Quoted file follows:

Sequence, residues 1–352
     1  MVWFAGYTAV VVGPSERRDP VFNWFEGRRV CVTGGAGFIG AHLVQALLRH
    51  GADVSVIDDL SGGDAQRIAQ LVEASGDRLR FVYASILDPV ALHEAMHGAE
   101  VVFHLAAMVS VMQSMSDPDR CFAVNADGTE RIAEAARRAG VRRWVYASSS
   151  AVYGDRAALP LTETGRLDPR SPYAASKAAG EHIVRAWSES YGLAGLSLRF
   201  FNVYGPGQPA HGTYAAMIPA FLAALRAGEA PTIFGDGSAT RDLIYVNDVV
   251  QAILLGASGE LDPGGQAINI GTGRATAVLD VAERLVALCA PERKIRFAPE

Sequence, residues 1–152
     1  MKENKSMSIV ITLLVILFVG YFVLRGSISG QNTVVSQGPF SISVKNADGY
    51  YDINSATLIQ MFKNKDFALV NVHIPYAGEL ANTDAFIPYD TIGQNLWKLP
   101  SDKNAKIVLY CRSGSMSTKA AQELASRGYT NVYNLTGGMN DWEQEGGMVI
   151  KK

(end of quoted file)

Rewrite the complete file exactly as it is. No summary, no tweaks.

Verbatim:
Sequence, residues 1–352
     1  MVWFAGYTAV VVGPSERRDP VFNWFEGRRV CVTGGAGFIG AHLVQALLRH
    51  GADVSVIDDL SGGDAQRIAQ LVEASGDRLR FVYASILDPV ALHEAMHGAE
   101  VVFHLAAMVS VMQSMSDPDR CFAVNADGTE RIAEAARRAG VRRWVYASSS
   151  AVYGDRAALP LTETGRLDPR SPYAASKAAG EHIVRAWSES YGLAGLSLRF
   201  FNVYGPGQPA HGTYAAMIPA FLAALRAGEA PTIFGDGSAT RDLIYVNDVV
   251  QAILLGASGE LDPGGQAINI GTGRATAVLD VAERLVALCA PERKIRFAPE

Sequence, residues 1–152
     1  MKENKSMSIV ITLLVILFVG YFVLRGSISG QNTVVSQGPF SISVKNADGY
    51  YDINSATLIQ MFKNKDFALV NVHIPYAGEL ANTDAFIPYD TIGQNLWKLP
   101  SDKNAKIVLY CRSGSMSTKA AQELASRGYT NVYNLTGGMN DWEQEGGMVI
   151  KK